Once a band nerd, always a band nerd

My upbringing was a musical one. I picked up a flute at age 10 and didn’t put it down for eight years. I stayed after class one time to learn a few notes on the clarinet for fun. I made my brother teach me some fingerings on the trumpet. In my freshman year of high school I decided that one instrument wasn’t enough and that I was going to learn the oboe, too. I took intensive lessons for that year and grew leaps and bounds but my growing coursework and responsibilities eventually won out and I dropped this extracurricular pursuit. I’m still kicking myself! But I was a perfectionist when it came to music and I knew I couldn’t excel at both. My perfectionism really came out one time at a band clinic my school participated in – students could prepare a piece to perform and be graded on, not for any award but just for general edification. Work hard and be graded on it? Right up my alley. Nerd. Anyway, I set my sights on a perfect score and delivered what I thought was a flawless performance. So needless to say I was devastated when I was docked ONE measly point for failing to pay adequate attention to the dynamics of the piece, meaning I didn’t manage my volume control when the music dictated. I may have cried. At a score of 99%. I was that kid.

After playing the flute for eight years, I  then ignored it for nine. Until Saturday! A family friend brought one over to Mark’s parents’ house so I swept the dust bunnies out of the corners of my mind where sight-reading resided and tried to play something. It was a bit harder than I expected – my embouchure (the position you hold your mouth to make sound) was quite out of shape and my fingers grew sore from holding the flute in position after only 10 minutes. It’s true what they say about muscles: use them or lose them! Mark’s parents are taking care of his grandma’s piano so I pulled a Mozart piece out of a box of music and tried to play a few bars. I had trouble making sound at first but my embouchure improved the longer I played, and my sight reading skills were rusty but still there! I’ve always said that once we had a house then I would start playing instruments again so I suppose now is the time. I’m now determined to find my flute on my next trip home and bring it back with me! My brain enjoyed the mental exercise of sight-reading and playing. Speaking of mental exercise, is it nerdy to admit that sometimes I mentally play the flute along to songs? I think that’s why I remembered the fingerings, because I still play them in my head!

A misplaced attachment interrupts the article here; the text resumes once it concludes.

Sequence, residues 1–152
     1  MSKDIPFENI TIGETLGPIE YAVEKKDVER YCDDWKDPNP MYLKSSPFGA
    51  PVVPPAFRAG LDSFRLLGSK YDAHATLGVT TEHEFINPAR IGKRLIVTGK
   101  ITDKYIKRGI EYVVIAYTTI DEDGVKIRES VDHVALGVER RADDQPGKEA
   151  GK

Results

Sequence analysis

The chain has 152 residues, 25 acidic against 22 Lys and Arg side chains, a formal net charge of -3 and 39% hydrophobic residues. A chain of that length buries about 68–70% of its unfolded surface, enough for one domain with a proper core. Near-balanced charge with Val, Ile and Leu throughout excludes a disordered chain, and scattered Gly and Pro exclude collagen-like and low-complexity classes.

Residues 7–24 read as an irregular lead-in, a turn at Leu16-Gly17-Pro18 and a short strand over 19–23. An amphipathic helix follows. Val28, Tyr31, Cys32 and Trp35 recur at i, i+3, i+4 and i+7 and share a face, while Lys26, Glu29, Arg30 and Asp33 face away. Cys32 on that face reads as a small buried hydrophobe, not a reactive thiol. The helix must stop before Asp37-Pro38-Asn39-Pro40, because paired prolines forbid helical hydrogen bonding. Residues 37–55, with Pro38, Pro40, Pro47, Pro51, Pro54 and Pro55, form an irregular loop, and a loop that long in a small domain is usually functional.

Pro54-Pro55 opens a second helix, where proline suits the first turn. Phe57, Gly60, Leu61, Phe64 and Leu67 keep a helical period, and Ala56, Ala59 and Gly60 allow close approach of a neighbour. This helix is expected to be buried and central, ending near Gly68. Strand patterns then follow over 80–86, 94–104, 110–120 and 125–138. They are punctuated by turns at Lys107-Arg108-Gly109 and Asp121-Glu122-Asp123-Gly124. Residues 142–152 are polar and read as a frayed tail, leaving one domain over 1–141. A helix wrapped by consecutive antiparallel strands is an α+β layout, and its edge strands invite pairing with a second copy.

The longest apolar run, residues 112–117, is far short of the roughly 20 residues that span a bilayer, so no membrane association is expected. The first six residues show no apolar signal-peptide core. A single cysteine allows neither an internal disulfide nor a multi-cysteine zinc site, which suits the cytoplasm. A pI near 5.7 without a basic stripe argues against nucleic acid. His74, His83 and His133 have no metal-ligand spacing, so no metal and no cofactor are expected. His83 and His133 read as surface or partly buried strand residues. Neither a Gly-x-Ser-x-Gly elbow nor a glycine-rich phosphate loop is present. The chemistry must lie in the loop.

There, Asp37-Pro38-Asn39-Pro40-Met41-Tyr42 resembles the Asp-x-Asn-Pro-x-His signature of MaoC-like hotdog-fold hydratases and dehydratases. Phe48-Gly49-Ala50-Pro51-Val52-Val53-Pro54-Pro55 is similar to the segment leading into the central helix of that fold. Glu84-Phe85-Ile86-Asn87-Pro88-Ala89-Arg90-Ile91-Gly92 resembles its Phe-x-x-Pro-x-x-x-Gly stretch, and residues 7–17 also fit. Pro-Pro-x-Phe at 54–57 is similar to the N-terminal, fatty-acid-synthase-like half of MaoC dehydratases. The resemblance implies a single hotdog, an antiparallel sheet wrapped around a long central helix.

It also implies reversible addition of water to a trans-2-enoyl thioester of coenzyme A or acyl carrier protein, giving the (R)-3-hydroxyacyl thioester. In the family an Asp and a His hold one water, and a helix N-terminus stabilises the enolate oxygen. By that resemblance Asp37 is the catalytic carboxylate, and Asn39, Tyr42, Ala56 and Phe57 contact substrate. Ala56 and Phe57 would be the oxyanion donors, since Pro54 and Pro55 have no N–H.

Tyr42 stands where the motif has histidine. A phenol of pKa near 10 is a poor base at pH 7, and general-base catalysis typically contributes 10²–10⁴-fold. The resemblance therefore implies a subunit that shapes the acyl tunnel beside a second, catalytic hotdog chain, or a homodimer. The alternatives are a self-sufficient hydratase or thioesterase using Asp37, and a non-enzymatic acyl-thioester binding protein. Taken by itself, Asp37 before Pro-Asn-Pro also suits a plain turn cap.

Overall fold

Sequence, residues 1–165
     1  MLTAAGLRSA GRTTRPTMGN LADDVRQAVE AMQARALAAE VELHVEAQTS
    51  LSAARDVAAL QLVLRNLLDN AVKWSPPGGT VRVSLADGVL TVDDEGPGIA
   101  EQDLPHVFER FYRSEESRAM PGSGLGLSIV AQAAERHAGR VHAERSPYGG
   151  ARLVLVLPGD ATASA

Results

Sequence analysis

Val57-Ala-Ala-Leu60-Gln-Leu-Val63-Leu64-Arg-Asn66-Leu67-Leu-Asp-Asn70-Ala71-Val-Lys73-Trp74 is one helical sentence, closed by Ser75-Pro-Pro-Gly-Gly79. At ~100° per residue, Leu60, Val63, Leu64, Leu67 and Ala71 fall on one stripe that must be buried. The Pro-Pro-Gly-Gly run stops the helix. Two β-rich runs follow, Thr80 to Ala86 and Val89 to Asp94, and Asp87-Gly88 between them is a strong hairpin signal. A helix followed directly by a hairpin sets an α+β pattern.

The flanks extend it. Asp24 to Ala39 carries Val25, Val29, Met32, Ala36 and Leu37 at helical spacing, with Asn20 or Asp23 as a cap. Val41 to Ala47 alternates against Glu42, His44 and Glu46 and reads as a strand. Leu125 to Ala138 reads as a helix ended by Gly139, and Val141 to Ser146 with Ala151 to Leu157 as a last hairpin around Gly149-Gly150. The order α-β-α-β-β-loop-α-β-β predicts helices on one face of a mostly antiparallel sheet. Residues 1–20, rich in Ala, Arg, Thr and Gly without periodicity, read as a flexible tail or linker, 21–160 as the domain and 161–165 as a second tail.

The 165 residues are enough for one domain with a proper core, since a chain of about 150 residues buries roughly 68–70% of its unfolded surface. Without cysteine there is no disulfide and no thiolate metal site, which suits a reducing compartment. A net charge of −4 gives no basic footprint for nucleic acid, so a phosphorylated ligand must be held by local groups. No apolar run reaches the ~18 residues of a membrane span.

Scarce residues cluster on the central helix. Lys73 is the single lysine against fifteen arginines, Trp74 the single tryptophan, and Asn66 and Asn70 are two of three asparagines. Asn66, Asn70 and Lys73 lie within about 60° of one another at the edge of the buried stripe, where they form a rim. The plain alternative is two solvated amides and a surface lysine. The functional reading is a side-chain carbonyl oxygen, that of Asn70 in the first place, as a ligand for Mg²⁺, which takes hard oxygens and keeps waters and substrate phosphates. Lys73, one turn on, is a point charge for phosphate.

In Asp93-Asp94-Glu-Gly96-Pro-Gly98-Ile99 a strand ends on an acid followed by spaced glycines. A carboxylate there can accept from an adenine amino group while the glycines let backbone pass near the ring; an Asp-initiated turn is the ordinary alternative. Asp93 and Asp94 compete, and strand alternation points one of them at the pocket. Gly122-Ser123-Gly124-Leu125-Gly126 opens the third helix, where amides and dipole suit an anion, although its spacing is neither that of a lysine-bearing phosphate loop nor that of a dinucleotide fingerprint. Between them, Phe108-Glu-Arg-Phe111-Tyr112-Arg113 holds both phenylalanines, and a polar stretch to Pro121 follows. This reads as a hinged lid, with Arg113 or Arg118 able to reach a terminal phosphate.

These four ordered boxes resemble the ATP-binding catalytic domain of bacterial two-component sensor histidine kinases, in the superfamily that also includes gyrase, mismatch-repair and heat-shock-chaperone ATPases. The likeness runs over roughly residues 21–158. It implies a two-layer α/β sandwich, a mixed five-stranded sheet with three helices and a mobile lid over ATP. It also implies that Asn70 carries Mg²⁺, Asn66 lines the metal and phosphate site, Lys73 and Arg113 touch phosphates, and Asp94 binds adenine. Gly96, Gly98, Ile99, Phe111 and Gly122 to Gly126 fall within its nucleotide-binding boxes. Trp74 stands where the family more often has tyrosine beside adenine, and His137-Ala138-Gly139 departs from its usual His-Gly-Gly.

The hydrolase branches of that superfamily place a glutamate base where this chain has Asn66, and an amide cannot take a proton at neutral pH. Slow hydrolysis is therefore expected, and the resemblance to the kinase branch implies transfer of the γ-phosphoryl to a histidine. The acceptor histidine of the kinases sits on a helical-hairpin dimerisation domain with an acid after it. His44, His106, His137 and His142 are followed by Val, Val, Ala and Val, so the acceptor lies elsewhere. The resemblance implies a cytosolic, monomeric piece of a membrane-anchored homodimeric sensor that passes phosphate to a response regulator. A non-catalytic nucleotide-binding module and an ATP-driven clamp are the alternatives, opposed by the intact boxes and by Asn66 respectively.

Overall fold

I guess I’ll always be a band nerd. But I’m in good company: Mark’s 90-something-year-old grandma still plays her flute and is darn good at it. Maybe we can do a duet!

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